Currently, the standard design for a primary sponsor logo is to have a large logo across the front of the lower torso, and on the back on the upper torso. These Christian Fittipaldi designs from 2002-2003 are great examples of that. The Georgia Pacific design from 2002 has a decent sized logo on the front bottom torso, and the same logo higher up on the back torso.45-fittipaldi-flogo 45-fittipaldi-blogoThe Bugles example from 2003 has identical logo placement for the Bugles logo.44-Fittipaldi-flogo 44-Fittipaldi-blogoMany driver suits feature this same logo placement.96-reeves-flogo 96-reeves-blogo 90-stricklin-flogo 90-stricklin-blogo 31-skinner-flogo 31-skinner-blogo 17-sedgwick-flogo 17-sedgwickb-logo 16-musgrave-flogo 16-musgrave-blogo 15-sprague-flogo 15-sprague-blogo 1-lajoie-flogo 1-lajoie-blogo 12-miller-flogo 12-miller-blogo

Taking a look at this Ricky Craven example from 1996, it features a design aspect that was very heavily used. The torso features a plan color, with a stripe across it with the sponsor name on that stripe. Dale Earnhardt Sr. used this design for many years, as did Rusty Wallace, Dick Trickle, and Steve Grissom among others. It is a fairly straightforward design, but it works very well.41-craven-flogo 41-craven-blogoOther suits have the primary sponsor logo present, but the logo is underwhelming. This design is exampled by this Bobby Hillin Jr. Moroso driver suit from 1991,20-hillinThis Lake Speed example from 1997,9-speed

and this Ted Musgrave example from 1998.15-musgrave-lchest 15-musgrave-blogo

In very rare instances, a primary sponsor is excluded from the suit altogether. One example is this Terry Labonte suit I covered earlier this year. That example was made for Terry to wear in a very last minute driver change. Another example is this David Stremme suit from 2009. I covered this issue earlier in the year, but to sum it up, because of a conflict between Verizon, the sponsor of Stremme’s car, and Sprint, the title sponsor of the Sprint Cup race, Verizon was not allowed to have their logos on Stremme’s car and driver suit. As such, Stremme raced a Dodge sponsorship, and wore this suit.12-stremme-flogo 12-stremme-blogoOne of the newer designs that is frequently seen is what I call the leg stripe design. This Kasey Kahne example shows a leg design that has a large white stripe running up the red background, with the DODGE television logo running up the leg. Sponsors can make their logos stand out more with this design, so it is becoming more popular every year.9-kahne-legsThis Scott Wimmer example is from 2002, and is rather unique in this category.23-wimmer-legsIt needs an explanation…The suit was worn for the entire 2002 season, which had a Siemens sponsorship for the first 25 races. After Siemens left the team, Scott Wimmer went on to win 4 of the next 9 races in an unsponsored black car with red and yellow flames…while wearing this suit.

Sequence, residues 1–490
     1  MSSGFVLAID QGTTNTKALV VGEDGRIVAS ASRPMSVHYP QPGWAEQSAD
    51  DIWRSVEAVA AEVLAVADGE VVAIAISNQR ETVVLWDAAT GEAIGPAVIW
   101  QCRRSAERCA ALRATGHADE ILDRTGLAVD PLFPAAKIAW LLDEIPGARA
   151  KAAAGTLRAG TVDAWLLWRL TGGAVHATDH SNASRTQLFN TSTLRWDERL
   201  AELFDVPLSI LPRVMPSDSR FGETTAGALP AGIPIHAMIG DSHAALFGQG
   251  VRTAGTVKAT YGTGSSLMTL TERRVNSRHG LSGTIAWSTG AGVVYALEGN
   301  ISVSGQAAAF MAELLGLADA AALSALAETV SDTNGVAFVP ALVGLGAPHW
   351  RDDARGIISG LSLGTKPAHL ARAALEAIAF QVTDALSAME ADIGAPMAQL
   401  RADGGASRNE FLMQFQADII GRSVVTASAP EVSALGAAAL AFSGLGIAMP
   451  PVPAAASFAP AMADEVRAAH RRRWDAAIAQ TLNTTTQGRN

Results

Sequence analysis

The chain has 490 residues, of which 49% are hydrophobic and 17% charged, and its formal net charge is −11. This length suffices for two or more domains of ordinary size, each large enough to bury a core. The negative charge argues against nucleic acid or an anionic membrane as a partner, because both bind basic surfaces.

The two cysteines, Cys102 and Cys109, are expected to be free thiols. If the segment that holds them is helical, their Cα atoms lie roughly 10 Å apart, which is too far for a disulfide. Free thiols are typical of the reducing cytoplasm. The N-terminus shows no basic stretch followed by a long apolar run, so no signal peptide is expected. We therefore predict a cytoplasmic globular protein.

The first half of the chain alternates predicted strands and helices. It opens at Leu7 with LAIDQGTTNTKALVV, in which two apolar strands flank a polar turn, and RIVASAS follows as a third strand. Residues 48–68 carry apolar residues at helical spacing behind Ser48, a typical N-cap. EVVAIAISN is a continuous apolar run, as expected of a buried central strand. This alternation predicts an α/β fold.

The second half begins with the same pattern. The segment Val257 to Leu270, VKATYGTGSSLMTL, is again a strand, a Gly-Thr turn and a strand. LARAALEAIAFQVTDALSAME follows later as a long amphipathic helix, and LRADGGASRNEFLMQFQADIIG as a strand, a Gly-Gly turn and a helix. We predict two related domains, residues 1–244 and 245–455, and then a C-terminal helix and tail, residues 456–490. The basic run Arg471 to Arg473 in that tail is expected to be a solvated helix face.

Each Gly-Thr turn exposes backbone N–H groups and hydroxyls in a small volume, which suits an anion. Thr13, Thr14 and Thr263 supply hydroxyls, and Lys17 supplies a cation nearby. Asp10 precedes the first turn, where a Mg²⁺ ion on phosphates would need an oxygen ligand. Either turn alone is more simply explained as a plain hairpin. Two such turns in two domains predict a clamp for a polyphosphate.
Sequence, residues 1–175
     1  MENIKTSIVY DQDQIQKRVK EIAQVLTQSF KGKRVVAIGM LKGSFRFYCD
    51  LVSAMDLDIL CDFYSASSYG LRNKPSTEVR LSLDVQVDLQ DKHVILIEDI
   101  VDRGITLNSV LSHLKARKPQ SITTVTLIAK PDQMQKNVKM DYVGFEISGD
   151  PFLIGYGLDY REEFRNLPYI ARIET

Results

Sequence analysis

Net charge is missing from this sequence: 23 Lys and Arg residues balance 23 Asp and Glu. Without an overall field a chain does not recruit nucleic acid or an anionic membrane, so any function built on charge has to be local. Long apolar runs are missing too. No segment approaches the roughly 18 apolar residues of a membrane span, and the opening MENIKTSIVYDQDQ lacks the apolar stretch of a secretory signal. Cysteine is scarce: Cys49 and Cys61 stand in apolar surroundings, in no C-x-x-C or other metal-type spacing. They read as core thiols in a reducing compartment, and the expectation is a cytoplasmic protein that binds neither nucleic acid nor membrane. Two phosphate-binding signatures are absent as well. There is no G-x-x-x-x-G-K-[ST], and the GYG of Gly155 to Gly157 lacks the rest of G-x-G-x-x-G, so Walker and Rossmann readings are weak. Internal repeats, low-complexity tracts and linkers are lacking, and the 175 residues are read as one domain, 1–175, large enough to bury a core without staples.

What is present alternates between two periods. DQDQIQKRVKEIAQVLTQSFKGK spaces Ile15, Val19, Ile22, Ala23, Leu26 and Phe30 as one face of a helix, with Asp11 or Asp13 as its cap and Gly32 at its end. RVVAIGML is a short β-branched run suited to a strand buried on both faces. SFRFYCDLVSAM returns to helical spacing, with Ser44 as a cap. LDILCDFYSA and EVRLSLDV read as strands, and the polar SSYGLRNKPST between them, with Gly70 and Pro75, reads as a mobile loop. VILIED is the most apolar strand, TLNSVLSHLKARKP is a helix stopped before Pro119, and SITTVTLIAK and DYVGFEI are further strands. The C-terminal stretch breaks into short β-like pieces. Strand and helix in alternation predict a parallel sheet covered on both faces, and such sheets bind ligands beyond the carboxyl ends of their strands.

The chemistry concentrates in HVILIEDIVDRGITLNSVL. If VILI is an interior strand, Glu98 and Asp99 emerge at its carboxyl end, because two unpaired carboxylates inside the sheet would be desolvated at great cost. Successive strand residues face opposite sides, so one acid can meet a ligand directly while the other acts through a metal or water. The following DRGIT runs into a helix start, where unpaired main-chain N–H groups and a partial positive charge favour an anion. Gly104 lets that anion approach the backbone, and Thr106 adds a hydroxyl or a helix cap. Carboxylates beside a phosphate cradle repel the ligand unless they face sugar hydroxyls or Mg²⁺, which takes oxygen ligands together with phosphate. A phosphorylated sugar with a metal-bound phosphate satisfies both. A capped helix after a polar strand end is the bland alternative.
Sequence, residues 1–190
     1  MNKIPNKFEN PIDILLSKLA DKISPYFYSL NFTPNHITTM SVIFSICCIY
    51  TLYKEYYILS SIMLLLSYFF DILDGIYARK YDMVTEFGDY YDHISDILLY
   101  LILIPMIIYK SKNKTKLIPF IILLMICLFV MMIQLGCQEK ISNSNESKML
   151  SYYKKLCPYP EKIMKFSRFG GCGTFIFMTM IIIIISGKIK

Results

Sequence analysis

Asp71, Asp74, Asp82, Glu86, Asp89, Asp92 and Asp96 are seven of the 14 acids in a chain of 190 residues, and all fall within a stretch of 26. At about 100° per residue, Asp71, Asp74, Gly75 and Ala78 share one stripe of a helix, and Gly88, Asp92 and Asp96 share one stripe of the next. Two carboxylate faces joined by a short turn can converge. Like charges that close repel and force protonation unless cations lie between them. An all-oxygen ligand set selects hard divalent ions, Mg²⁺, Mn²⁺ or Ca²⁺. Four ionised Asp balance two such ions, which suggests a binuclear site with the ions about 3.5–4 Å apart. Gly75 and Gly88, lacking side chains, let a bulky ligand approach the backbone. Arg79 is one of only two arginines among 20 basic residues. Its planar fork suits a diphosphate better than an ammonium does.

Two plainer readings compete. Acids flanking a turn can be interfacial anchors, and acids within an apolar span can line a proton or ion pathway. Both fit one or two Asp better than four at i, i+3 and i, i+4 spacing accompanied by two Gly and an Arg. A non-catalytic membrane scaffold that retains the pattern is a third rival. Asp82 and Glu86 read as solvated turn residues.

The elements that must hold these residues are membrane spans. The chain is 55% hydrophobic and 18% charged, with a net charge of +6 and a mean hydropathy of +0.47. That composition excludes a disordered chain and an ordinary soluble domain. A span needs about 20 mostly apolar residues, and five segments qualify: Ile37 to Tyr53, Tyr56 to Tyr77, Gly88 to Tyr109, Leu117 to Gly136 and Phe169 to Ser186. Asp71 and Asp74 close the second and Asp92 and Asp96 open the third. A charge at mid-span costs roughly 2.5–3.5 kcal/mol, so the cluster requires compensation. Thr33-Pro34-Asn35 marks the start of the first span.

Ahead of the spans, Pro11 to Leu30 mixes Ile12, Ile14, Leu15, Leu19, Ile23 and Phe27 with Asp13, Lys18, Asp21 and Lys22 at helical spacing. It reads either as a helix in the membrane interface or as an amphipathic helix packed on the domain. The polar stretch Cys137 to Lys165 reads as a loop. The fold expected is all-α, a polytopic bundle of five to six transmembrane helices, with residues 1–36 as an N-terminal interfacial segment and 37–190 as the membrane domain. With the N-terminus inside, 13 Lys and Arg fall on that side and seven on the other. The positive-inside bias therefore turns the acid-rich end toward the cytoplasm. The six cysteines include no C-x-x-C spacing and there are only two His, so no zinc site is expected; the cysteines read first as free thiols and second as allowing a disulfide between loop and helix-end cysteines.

While I get that the team not buying another suit for Wimmer to wear…it just looks weird.

Now this is another suit that needs an explanation. Nort Northam is a Porsche dealer based in Florida. He was a race car driver from 1979-1992, and his career was not great, with no wins, and two podiums. In 1988, he raced in the Sunbank 24 at Daytona, now called the Rolex 24 at Daytona in a Porsche owned by fellow driver Karl Durkheimer.56-Northam 56-Northamb